It's funny and familiar.
My favorite quote thus far is when one of the fanboys is trying to explain the hierarchy of geeks, dorks, nerds and dweebs and he says it is "nature's way of saying 'sorry' for only giving you three emotions. Anger lust and a more extreme form of lust."
The web series got a nice writeup on wired (which is how I found it).
How inspiring! Go create!

Wednesday, December 15, 2010

Transformers 3

Just watched the Transformers 3 (Transformers: Dark of the Moon)trailer. As usual, the cinematography is just gorgeous. I am amazed by the effects in those movies.
I am not a huge fan of the Transformers movies, though I was a huge fan of the cartoon and thought the toys were really cool.

I can't say what it is exactly that I don't love about the movies. They have some great qualities
  • Great director
  • Good acting
  • Spielberg
  • Amazing effects
  • Big budget
  • Humor
  • Ensemble Cast
All of these things are things I would typically say add up to a great movie. Maybe it's the stories? Maybe the cram too much into each film. I like parts of the movies, but I always find myself sort of hoping for the end of the movie to come along and then feeling like it is a long way off...and I typically like long movies (love the LOTR trilogy).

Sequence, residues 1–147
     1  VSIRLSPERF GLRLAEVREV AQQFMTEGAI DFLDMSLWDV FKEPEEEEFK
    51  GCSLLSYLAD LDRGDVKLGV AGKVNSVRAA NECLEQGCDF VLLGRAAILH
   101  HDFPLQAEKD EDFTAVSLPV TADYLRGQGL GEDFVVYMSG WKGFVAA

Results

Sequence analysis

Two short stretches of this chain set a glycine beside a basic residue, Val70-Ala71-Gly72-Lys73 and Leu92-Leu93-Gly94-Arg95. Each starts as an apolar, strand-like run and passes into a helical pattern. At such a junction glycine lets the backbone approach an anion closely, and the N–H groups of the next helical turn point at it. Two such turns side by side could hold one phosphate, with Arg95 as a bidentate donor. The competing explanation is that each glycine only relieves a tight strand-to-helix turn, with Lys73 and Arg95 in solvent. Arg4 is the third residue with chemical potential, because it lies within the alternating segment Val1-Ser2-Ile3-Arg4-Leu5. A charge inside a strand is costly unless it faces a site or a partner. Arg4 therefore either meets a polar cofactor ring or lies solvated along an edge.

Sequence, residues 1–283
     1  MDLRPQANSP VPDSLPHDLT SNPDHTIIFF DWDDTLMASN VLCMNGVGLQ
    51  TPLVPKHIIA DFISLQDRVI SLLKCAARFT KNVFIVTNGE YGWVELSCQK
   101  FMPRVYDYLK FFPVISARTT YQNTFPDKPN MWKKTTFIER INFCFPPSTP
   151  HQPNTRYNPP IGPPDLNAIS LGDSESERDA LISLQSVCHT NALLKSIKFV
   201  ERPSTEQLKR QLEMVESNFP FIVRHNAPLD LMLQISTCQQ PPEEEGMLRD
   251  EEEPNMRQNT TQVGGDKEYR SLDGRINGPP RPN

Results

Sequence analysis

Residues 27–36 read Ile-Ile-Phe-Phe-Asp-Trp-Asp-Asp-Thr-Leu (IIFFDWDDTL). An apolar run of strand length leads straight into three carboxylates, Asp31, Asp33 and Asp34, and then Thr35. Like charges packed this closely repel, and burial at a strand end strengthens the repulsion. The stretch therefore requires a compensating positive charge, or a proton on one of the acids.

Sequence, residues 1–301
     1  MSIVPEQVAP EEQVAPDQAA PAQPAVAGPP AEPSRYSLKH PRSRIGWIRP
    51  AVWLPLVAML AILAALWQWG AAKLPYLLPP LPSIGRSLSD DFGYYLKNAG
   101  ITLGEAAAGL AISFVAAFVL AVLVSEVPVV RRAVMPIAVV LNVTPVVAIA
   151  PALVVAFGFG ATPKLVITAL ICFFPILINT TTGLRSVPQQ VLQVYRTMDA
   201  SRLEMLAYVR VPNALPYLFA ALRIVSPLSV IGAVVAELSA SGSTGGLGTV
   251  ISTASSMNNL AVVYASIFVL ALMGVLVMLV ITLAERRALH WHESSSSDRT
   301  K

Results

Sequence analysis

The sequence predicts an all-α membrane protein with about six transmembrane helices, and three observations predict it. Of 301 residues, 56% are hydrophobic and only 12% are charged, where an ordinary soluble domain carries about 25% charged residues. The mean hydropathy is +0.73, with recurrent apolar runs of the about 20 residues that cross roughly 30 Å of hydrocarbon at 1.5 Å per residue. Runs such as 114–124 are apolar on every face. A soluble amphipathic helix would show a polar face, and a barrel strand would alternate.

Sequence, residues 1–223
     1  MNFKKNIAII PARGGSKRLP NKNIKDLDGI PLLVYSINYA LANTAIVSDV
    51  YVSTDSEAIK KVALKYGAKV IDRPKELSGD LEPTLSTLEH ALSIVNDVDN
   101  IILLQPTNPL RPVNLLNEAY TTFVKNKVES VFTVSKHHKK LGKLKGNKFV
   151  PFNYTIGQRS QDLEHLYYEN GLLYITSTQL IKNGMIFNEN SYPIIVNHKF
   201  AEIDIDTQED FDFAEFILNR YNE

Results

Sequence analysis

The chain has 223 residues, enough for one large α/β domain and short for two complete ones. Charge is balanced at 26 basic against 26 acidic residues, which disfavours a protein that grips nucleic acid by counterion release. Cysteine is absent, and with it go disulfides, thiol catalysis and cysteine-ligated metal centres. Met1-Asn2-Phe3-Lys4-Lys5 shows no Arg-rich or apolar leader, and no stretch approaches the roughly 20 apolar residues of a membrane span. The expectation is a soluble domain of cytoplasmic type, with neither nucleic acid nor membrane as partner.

I can't say what about Transformers doesn't appeal to me. Don't get me wrong, I will see it, in 3D, but I get the sense I should like these movies more than I do.
Can anyone share their thoughts on what they find appealing? Maybe it's contagious.

Tuesday, December 14, 2010

My Christmas shopping

I love Think Geek. If I owned a catalog, this is the stuff that would be in it.
This is a bib for a newborn. In my circle of friends, this is perfectly normal.

Monday, December 13, 2010

Pirates are back!

I know that some would say that Disney has done the Pirates of the Carribean to death. You know what? I don't care. I love pirates. I want to be a pirate and I'll go see these movies until Johnny Depp looks like Keith Richards!
Earth Station One has the preview trailer! Check it out!